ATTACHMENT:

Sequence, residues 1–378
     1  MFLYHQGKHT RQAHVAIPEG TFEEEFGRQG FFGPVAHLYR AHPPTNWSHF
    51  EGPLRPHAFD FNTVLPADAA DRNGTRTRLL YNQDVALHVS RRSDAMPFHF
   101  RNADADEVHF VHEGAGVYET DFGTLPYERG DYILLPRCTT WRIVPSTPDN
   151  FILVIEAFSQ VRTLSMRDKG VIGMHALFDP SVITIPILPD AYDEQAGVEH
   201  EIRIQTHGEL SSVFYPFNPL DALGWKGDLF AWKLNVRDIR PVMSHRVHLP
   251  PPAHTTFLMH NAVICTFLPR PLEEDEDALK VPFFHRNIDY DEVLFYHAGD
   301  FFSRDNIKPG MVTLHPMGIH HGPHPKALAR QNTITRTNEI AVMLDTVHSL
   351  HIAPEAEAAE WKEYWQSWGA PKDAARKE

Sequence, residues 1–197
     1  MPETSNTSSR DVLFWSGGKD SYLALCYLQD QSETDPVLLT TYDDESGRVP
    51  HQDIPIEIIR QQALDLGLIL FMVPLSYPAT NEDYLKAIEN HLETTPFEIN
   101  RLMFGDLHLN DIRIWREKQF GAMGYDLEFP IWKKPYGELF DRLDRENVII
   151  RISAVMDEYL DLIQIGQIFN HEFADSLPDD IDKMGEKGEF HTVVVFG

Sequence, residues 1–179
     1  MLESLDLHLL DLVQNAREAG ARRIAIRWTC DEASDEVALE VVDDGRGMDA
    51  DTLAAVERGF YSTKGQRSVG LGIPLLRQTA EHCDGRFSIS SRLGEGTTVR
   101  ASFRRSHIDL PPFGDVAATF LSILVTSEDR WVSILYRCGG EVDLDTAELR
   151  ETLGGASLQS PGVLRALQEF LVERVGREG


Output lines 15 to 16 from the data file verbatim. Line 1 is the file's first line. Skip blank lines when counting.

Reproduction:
Sequence, residues 1–179
     1  MLESLDLHLL DLVQNAREAG ARRIAIRWTC DEASDEVALE VVDDGRGMDA